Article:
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The Chicago Bulls are only a week removed from a coaching change, but they already look headed for more changes.
The Bulls have little choice but to promptly revise the instructions they handed Jim Boylen when they installed him as Fred Hoiberg’s successor just seven days ago.
Or else the replacement will need replacing.
In stark contrast to Hoiberg’s ever-forgiving demeanor, Bulls officials wanted Boylen to be uber-demanding in his approach. What the Bulls got, in return, was a young roster in revolt over the weekend — just three games into the new regime.
In-season coaching moves are supposed to infuse flat teams with a fresh reserve of energy. New Coach Bounce is how it’s often described.
Chicago, by contrast, just witnessed an entirely different sort of jolt. Bulls players, in essence, refused to practice Sunday in the wake of a humiliating 133-77 home loss to Boston. Those players were convinced they should be granted a day off — in spite of the embarrassing no-show against the Celtics that matched the most one-sided home loss in league history — because they also played Friday night, upsetting Oklahoma City.
A protest that soon and that loud, resulting in a standoff that spawned two team meetings Sunday afternoon, undoubtedly set some sort of unofficial league record. Yet it also wasn’t a complete shock in the current climate, since you won’t find any team that practices after completing a back-to-back set in 2018.
This doesn’t get discussed as much as other areas of evolution in the millennial N.B.A., such as the growing emphasis on 3-point shots, positionless basketball and star players trying to team up with other star players. But the coaching business is evolving big-time, too.
The reality is that nobody these days coaches exclusively from the old-school, push-em-harder playbook. Not even Gregg Popovich.
Armed with five fewer championship rings than Popovich — under whom he coached in San Antonio before landing with the Bulls — Boylen won’t come close to surviving the rest of the season if he persists in trying the taskmaster approach in Chicago.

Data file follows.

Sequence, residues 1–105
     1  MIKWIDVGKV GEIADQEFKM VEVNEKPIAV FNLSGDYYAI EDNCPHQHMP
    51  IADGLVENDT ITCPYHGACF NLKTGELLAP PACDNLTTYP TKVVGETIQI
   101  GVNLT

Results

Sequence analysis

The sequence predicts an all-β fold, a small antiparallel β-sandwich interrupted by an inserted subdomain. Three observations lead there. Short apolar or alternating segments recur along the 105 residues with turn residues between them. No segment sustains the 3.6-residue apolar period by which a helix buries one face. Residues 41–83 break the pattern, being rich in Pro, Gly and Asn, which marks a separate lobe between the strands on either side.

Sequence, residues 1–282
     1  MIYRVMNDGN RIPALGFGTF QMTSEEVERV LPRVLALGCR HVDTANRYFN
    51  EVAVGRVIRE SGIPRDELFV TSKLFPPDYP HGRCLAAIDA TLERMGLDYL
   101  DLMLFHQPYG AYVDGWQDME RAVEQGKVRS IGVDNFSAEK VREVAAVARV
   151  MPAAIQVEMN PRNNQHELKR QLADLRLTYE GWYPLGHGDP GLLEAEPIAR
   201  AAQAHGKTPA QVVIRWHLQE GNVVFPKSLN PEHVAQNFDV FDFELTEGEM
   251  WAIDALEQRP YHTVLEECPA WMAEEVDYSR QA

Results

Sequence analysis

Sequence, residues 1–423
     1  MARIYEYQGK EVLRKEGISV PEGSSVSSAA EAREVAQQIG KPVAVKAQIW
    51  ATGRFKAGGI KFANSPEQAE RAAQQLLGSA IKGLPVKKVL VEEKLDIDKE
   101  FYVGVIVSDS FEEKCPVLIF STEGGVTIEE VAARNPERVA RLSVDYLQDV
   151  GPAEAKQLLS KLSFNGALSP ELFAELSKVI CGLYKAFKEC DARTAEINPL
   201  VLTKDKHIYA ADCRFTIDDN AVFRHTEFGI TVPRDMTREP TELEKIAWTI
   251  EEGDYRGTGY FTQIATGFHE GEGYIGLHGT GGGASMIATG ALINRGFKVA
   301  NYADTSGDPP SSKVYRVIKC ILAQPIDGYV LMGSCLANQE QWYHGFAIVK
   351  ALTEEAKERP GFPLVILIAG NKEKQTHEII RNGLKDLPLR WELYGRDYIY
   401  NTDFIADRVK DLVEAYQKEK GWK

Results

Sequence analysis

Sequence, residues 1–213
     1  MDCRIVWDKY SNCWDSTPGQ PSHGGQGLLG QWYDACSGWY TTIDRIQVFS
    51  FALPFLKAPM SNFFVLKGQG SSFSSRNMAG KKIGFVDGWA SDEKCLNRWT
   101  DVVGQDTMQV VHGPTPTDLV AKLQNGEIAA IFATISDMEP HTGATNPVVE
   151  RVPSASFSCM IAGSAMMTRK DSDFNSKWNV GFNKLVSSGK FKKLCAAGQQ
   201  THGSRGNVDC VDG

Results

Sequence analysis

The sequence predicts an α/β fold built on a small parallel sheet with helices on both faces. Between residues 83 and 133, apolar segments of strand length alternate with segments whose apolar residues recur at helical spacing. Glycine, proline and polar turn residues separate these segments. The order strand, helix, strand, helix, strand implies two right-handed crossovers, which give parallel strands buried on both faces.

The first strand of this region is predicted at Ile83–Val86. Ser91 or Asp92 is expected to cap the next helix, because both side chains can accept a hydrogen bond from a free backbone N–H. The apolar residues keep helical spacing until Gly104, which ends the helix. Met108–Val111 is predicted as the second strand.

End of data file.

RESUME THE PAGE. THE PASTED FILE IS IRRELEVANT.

A lighter hand is the preferred touch in the modern game. Practices are becoming less and less frequent as teams increasingly prioritize player health and rest over tactical instruction. I’ve heard numerous coaches share stories about the great caution they are forced to exercise when it comes to assembling film clips of player mistakes — lest anyone feel singled out or, worse, picked on.
Connecting with players and trying to perpetually instill them with confidence are the priorities. Think Golden State’s Steve Kerr, New Orleans’s Alvin Gentry and the Clippers’ Doc Rivers.
Chicago has to recognize this. There is simply no alternative no matter what you think of the oft-critcized management tandem of John Paxson and Gar Forman, whose curious string of personnel moves throughout Hoiberg’s tenure has flummoxed many.
Natural as it might have been for the Bulls to replace the famously rigid Tom Thibodeau with the more player-friendly Hoiberg, it surprised no one that they turned to the more Thibodeau-like Boylen to succeed Hoiberg. But Boylen has made Thibodeau look like a softy by calling for extra wind sprints to punctuate practice sessions, issuing public critiques of his players’ conditioning and subbing out all five starters at one time — twice — in the Boston loss.
It has been suggested that Boylen, beyond knowing that his bosses supported him challenging the group more than Hoiberg ever did, felt even more license to do so because he knew all of these players previously as an assistant on Hoiberg’s staff.
Unfortunately for Boylen, I’d argue that the opposite is true. Boylen would likely have found his players more receptive to the three long practice sessions he wedged in amid Chicago’s three games last week if he were a legit newcomer.
Part of what has made Popovich so successful over the years is his ability to weave great interpersonal skills and copious amounts of empathy into his dogged strictness. He is also said to have consciously mellowed since the 2016 retirement of Tim Duncan — as well as in the wake of last season’s disconnect with Kawhi Leonard that led to Leonard being traded to Toronto in July.
Ultimately, though, it’s Pop’s fistful of titles that furnish him with unimpeachable credibility. As many have noted over the past 48 hours, Boylen is a Spurs alumnus — but that’s all he credibly shares in common with his former boss.
How Boylen and the Bulls rebound from this crisis will be watched keenly by his peers leaguewide, as coaching norms continue to shift. Yet I can confidently forecast, without delay, that he and his current bosses will have to do most of the adapting here.
The Bulls, in spite of themselves, have amassed a few interesting talents — most notably Lauri Markkanen, Wendell Carter Jr. and Zach LaVine — after years of head-scratching moves. Those three, and the potential star forthcoming with Chicago’s top pick in the 2019 draft in June, have to be the priority going forward.
The N.B.A., after all, is a players’ league — more so than ever before.
It’s true in Chicago, even with a rebuilding team that lugged a 6-21 record into Monday night’s game against Sacramento, just as it is everywhere else.
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